I am fascinated by this new exclusion that is being drafted and for which approval is being sought, which seeks to exclude claims arising from viruses – not the computer kind, but things like avian flu. I understand the intent, but for any of you who, like I, have been at the insurance coverage business long enough, it ought to ring a bell in your memory about the “asbestosis’ exclusions that were at play in the asbestos coverage litigation boom. For those of you who aren’t old enough to remember it, the central theme was whether exclusions written to exclude asbestosis were meant to – and did – exclude other asbestos caused diseases, or instead only excluded claims where the victims actually developed the particular disease of asbestosis. For those of you who would like more than just this thumbnail history of the issue, try this case, Carey Canada, Inc. v. Columbia Casualty Co., 291 U.S. App. D.C. 284 (D.C. Cir. 1991).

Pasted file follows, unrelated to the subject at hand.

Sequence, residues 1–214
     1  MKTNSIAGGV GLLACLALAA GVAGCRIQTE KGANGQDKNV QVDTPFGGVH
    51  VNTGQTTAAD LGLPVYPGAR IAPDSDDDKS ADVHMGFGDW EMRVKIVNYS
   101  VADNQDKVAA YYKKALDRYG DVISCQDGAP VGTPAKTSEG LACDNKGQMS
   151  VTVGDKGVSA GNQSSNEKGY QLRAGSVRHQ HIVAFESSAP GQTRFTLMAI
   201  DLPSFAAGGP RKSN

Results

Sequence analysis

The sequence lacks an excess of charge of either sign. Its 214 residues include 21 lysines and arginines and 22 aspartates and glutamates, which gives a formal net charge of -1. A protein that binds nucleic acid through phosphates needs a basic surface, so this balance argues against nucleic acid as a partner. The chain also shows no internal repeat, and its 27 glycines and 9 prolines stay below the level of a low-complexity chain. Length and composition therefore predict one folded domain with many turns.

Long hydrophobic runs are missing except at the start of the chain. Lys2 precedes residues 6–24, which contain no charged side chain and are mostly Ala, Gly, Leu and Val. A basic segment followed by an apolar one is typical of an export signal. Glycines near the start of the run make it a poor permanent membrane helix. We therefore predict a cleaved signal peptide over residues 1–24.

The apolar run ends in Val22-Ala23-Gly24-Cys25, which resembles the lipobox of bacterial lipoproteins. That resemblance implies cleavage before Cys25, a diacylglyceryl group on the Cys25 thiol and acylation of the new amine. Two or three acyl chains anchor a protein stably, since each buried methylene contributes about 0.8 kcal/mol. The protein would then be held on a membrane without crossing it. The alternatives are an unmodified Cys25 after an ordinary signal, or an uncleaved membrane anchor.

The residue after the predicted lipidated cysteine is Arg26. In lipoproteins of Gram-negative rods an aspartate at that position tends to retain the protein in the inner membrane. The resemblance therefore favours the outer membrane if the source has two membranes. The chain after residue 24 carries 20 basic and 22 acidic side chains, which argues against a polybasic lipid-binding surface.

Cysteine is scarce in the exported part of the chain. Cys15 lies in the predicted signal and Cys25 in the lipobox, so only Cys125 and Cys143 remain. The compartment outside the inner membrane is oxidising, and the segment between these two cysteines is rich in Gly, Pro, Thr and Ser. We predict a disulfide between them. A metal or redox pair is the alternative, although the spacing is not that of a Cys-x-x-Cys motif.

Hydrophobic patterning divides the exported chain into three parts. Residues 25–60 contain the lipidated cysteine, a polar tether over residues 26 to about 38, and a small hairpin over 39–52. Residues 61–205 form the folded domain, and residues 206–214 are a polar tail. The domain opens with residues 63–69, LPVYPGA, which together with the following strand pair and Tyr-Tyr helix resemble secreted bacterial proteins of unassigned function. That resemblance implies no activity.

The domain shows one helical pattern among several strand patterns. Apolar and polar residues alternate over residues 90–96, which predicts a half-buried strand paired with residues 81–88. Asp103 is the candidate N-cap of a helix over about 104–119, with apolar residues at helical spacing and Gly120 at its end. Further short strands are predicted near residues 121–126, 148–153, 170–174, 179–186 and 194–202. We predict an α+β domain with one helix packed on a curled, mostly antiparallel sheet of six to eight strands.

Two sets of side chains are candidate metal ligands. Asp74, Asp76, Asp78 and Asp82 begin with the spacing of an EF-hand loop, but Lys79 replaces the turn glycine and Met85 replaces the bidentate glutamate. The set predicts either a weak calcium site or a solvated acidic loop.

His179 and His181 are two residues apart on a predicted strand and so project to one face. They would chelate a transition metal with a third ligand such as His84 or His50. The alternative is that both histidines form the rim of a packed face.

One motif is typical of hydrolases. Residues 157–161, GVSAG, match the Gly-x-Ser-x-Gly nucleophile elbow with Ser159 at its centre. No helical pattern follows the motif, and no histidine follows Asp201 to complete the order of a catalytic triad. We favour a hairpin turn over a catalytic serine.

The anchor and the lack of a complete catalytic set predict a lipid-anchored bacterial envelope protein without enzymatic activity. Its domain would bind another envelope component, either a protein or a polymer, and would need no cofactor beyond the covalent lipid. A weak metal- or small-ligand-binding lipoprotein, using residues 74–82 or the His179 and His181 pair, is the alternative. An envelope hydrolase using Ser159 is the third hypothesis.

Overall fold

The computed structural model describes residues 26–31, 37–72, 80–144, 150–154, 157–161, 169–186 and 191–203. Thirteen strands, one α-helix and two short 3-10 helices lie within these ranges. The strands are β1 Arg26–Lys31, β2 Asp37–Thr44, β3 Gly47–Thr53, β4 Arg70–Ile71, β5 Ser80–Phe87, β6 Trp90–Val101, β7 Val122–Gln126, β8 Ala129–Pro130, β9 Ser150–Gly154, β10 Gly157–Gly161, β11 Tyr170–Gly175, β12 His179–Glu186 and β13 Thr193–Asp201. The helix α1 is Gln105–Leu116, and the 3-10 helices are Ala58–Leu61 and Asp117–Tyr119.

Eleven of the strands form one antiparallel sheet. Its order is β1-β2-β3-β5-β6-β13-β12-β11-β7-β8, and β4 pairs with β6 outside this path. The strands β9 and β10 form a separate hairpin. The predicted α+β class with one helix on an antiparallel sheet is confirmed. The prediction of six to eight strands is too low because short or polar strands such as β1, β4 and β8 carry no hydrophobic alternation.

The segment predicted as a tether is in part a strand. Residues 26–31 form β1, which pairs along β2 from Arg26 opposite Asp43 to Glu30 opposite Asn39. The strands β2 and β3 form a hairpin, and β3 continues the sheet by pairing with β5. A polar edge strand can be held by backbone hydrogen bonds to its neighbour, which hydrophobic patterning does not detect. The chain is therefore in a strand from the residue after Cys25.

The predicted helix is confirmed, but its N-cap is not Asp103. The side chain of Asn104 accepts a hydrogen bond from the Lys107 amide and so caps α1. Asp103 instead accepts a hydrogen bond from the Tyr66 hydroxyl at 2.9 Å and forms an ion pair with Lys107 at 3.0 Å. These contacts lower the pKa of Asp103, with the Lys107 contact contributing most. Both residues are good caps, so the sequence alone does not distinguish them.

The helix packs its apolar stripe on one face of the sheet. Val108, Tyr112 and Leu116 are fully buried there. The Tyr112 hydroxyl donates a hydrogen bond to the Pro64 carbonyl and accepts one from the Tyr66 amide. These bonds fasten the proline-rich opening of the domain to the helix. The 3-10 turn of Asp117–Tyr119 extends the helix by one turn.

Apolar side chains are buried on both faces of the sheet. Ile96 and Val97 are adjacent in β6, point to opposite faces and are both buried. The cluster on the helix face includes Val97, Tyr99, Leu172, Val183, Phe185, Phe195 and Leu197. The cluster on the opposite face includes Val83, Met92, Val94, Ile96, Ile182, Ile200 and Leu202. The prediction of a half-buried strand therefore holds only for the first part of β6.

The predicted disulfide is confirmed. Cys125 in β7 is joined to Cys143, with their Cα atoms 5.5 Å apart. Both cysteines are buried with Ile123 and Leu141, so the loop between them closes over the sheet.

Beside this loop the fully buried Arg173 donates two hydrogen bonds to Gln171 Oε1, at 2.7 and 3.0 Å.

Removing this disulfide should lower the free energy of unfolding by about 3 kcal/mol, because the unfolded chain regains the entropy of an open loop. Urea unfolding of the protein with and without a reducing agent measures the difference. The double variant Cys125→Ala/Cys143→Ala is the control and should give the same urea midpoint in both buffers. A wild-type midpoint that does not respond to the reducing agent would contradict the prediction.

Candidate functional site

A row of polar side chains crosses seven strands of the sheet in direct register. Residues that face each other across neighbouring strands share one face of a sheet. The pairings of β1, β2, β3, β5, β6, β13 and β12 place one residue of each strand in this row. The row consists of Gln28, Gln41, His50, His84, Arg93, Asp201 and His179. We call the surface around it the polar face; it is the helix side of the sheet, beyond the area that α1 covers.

If we are at all lucky, this new virus exclusion will never come into play on a large enough scale for it to matter, but if it does, one can predict deja vu all over again, to quote Yogi Berra – you can foresee plenty of coverage disputes over whether a particular virus or bacteria or ailment falls within the description of virus included in the exclusion’s language, and over which ones do not. Experience suggests to me that the limits of the written word, and the outside limits on the skill set of even the best drafter of policy language, makes it awfully hard to draw a clear line on viruses within, and viruses without, the exclusion.